Personal body space

As the population increases, we will all have to learn to accept strangers on the street standing very close to us.

One of the students would speak to a stranger on the street and begin asking him questions pertaining to the local police department. While talking the interviewer slowly moved closer and violated the stranger's personal body space. The person's reaction was then filmed.

According to recently collected facts, there were three basic reactions: (1) He-she slowly backed away as the interviewer got closer, (2) He-she struck a defensive pose such as folding arms, looking down, or even turning to one side, and (3) No reaction, though most people do have some kind of reaction...

According to Mark, most people have this "wall" about 18 inches around them that excludes all people from entering. What the interviewers were doing when they moved closer to the person was violating personal body space, causing them to react.

Steve says, "It's a shame this happens because as our world gets more and more crowded, we'll have to get closer together. Let's all start getting closer together and break down that wall."


Terre Haute Tribune - Mar 31, 1974

     Posted By: Alex - Mon Dec 18, 2017
     Category: Experiments | Psychology | 1970s





Comments
This is amusing, because just the other day, when I was forced by necessity to visit Target (to pick up prescriptions, otherwise you can't get me in a major store between thanksgiving and new years), I remembered why I like to wear my cloak when I'm out and about. The advantages of wearing a full length cloak include the fact that people do not press up against you unless there is no other choice. You seem as impassible as a pillar in the aisle, and no one wants to get close enough to touch you. This is very good when you have severe sensory issues like I do combined with panic attacks and social anxiety. (I think the reason people avoid cloaks is because it creates a solid line, rather than a person's profile, and people instinctively avoid something that seems solid like that).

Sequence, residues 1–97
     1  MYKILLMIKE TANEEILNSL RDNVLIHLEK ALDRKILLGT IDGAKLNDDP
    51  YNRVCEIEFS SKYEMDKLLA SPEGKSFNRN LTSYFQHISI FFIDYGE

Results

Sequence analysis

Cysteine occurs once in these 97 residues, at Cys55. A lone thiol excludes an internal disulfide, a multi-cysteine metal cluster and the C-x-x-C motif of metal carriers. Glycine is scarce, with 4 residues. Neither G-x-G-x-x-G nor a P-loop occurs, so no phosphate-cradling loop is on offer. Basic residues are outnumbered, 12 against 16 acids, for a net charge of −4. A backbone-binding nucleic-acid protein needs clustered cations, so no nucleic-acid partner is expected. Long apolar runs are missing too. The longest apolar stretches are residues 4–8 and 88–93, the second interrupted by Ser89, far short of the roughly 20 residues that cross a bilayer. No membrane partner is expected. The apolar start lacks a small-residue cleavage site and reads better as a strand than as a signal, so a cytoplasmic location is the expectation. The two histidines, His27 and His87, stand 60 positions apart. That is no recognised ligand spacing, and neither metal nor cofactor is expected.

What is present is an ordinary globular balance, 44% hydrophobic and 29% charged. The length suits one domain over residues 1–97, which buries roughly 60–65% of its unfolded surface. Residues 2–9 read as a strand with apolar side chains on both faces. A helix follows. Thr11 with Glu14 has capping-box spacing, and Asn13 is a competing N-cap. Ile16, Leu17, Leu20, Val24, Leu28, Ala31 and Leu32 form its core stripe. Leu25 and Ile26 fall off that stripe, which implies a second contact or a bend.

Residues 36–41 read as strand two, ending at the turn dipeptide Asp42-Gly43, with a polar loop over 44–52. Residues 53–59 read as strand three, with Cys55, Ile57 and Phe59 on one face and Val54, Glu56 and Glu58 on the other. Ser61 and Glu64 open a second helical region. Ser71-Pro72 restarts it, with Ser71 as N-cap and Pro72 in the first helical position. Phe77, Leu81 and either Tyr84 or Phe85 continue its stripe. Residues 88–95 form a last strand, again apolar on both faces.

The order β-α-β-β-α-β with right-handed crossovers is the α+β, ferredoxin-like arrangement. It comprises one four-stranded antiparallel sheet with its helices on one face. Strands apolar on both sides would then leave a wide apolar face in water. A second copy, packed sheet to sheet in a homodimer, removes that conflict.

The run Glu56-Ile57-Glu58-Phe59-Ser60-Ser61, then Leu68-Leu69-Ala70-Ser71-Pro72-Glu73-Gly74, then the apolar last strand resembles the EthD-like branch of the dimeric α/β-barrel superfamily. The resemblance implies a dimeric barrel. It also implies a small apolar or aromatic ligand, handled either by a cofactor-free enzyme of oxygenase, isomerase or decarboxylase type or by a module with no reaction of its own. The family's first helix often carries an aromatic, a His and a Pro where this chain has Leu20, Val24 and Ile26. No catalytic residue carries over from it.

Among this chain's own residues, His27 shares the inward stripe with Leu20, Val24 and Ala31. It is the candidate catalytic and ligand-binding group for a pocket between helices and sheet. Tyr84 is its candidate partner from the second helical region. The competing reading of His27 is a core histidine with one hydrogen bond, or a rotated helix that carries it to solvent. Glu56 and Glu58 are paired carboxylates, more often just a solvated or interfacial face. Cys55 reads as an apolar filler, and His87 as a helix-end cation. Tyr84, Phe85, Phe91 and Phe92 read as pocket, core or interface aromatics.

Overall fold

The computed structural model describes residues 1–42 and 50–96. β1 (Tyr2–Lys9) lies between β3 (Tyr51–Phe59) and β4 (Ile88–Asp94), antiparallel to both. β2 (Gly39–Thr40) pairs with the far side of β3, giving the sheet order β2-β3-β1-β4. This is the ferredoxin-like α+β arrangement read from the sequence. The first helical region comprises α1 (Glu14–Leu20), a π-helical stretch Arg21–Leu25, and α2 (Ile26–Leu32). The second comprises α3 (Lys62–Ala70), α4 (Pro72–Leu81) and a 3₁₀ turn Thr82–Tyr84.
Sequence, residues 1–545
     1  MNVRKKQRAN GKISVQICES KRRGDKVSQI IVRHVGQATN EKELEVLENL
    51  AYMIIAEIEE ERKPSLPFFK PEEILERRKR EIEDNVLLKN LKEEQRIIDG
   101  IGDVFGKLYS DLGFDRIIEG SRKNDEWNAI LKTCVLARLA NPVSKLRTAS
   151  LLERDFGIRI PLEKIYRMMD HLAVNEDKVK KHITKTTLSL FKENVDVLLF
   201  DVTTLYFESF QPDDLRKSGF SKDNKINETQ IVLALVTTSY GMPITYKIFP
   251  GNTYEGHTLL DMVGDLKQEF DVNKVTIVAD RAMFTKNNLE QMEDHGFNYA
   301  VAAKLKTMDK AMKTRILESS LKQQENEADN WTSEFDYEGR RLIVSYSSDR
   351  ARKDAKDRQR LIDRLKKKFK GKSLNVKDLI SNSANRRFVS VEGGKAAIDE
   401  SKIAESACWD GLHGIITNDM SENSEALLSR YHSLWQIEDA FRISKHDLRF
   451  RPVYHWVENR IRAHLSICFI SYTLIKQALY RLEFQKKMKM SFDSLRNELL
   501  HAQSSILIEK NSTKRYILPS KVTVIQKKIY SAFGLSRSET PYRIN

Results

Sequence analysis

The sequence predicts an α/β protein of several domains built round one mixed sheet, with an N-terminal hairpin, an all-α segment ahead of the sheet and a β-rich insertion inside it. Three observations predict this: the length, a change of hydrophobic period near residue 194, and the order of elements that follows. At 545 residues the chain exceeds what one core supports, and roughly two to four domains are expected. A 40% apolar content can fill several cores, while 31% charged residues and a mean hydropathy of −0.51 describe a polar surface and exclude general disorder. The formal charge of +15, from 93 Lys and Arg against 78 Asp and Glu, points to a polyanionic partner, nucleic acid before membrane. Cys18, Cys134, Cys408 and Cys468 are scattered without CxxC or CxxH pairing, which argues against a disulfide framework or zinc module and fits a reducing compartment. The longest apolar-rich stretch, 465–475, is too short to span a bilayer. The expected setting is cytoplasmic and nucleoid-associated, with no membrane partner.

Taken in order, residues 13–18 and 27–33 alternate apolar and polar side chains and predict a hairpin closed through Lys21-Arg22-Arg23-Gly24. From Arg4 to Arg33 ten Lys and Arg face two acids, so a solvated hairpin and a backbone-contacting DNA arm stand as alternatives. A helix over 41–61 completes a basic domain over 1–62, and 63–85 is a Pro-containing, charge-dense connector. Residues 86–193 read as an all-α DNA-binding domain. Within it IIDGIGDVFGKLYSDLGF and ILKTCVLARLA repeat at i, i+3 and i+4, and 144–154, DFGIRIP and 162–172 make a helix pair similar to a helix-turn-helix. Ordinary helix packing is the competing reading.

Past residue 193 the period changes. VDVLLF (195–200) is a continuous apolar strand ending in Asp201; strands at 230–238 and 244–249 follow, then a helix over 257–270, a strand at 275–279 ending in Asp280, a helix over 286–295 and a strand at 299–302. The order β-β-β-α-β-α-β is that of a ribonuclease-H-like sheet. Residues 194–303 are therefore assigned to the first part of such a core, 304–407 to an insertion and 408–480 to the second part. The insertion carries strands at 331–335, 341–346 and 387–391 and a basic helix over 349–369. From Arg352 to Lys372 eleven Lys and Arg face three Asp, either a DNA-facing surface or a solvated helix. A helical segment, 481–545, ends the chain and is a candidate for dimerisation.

Posted by Alassirana in Lake Stevens, WA on 12/18/17 at 09:27 AM
I read about two ambassadors at a ball in the time of Napoleon. The British personal space was further away than Italian's. They were in a serious discussion. As the Italian moved closer for his private chat personal space, the British ambassador would back up a bit to his comfort zone. They were so occupied with their conversation that they didn't realize they had circled the dance floor twice in this comical "dance".
Posted by BMN on 12/18/17 at 12:26 PM
Someday, when the world is so overpopulated that there will be only 288 square inches per person, everyone will have to stand on his/her own two [square] feet.
Posted by Joshua Zev Levin, Ph.D. in Marlton, NJ on 12/18/17 at 07:18 PM
I once visited a museum that had been the country house of some colonial governor of Pennsylvania. A female historical interpreter was wearing a huge hoop skirt, as was the fashion at the time the house was built. She said she liked it because it created her own person space.

So -- that's what we'll be wearing in the future, cloaks (ala Alassirana) for both sexes, and hoop skirts for the ladies.
Posted by Joshua Zev Levin, Ph.D. in Marlton, NJ on 12/18/17 at 07:26 PM
John Bruner's "Stand on Zanzibar" (1969) includes the passage: "Some troubledome just figured out that if you allow for every codder and shiggy and appleofmyeye a space one foot by two, you could stand us all on the six hundred and forty square mile surface of the island of Zanzibar." Excellent novel about personal space in a crowded world.
Posted by Phideaux in in his own little world on 12/18/17 at 08:40 PM
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